Two-time Australian Open winner Victoria Azarenka has recently revealed it’s taken her “10 f—— years to get over” the incident with Sloane Stephens during a semi-final match in 2013 at Melbourne Park.
On Tuesday night, Azarenka booked herself another semi-final opportunity at the 2023 edition of the Grand Slam after defeating Jessica Pegula and was asked about the Stephens episode post-match.
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The 33-year-old – who at the time was highly criticised for taking a medical timeout – expressed that she felt like a ‘villain’ in the eyes of the crowd and likened that feeling to what 21-time Grand Slam winner Novak Djokovic has said.
“It was one of the worst things that I’ve ever gone through in my professional career, the way I was treated after that moment, the way I had to explain myself until 10:30 p.m. at night because people didn’t want to believe me,” Azarenka said post-match on Tuesday night.
“I actually can resonate with what Novak said the other day. There is sometimes, like, I don’t know, incredible desire for a villain and a hero story that has to be written.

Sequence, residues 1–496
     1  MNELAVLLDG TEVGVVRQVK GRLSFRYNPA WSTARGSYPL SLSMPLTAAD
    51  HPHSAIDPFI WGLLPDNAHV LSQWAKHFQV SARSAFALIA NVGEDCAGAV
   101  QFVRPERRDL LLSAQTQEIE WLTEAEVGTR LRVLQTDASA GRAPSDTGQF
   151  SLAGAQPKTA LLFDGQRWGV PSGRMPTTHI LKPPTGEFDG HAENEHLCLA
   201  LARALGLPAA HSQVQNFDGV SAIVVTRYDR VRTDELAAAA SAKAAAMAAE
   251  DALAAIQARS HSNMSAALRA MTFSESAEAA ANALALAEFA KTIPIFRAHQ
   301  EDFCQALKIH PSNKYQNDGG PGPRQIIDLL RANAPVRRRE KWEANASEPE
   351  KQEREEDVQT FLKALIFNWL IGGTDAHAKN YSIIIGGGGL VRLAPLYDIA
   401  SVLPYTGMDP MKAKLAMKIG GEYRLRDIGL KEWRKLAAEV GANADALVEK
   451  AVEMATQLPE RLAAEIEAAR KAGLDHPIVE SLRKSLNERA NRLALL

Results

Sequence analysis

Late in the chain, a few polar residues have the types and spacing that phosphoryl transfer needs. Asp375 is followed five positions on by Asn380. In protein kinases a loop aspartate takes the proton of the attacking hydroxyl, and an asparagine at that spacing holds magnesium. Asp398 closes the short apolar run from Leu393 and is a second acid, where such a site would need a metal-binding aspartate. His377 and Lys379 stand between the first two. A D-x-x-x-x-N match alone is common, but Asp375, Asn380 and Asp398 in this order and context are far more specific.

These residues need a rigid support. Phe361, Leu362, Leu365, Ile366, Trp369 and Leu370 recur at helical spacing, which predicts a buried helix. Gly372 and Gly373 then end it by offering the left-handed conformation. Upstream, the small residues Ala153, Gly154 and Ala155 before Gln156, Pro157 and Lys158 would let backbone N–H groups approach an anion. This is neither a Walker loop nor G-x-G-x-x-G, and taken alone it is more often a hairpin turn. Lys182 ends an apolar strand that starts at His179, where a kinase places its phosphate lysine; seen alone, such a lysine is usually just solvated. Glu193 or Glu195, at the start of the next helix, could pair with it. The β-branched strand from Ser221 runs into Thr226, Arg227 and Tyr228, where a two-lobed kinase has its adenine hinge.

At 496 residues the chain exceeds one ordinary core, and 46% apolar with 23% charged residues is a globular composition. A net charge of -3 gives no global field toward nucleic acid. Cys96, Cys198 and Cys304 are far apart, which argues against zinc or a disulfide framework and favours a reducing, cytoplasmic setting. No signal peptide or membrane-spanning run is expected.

“But we’re not villains, we’re not heroes, we are regular human beings that go through so many, many things. Assumptions and judgments, all those comments, are just shit because nobody’s there to see the full story. It didn’t matter how many times I said my story, it did not cut through.”
The Belarusian would advance past Stephens during the 2013 semi-final and would go on to win the Australian Open days later.
Azarenka took two time-outs during a critical period of the match, with ‘assumptions’ they were taken to halt the momentum of the American.
The 33-year-old said at the time that she was having “chest pains” and was finding it hard to breathe.
Since then, the Belarusian has struggled to make waves in the tennis circuit, featuring once in the final four after the 2013 season.
Azarenka made the 2020 US Open final but failed at the final hurdle against Naomi Osaka.
The former world No.1 has opened up about her battles with anxiety and the ‘fears of failing’ but has since found ways to overcome these troubles.
“I kind of tried to take it more simple. I started with not trying to be positive, just trying to be neutral, not to go negative,” she said.
“Accepting the anxiety that I have. Accepting the fear that I have. Kind of working through it. That was step by step.”
Azarenka will face 22nd seed Elena Rybakina on Thursday at Rod Laver Arena for a spot in the Australian Open final.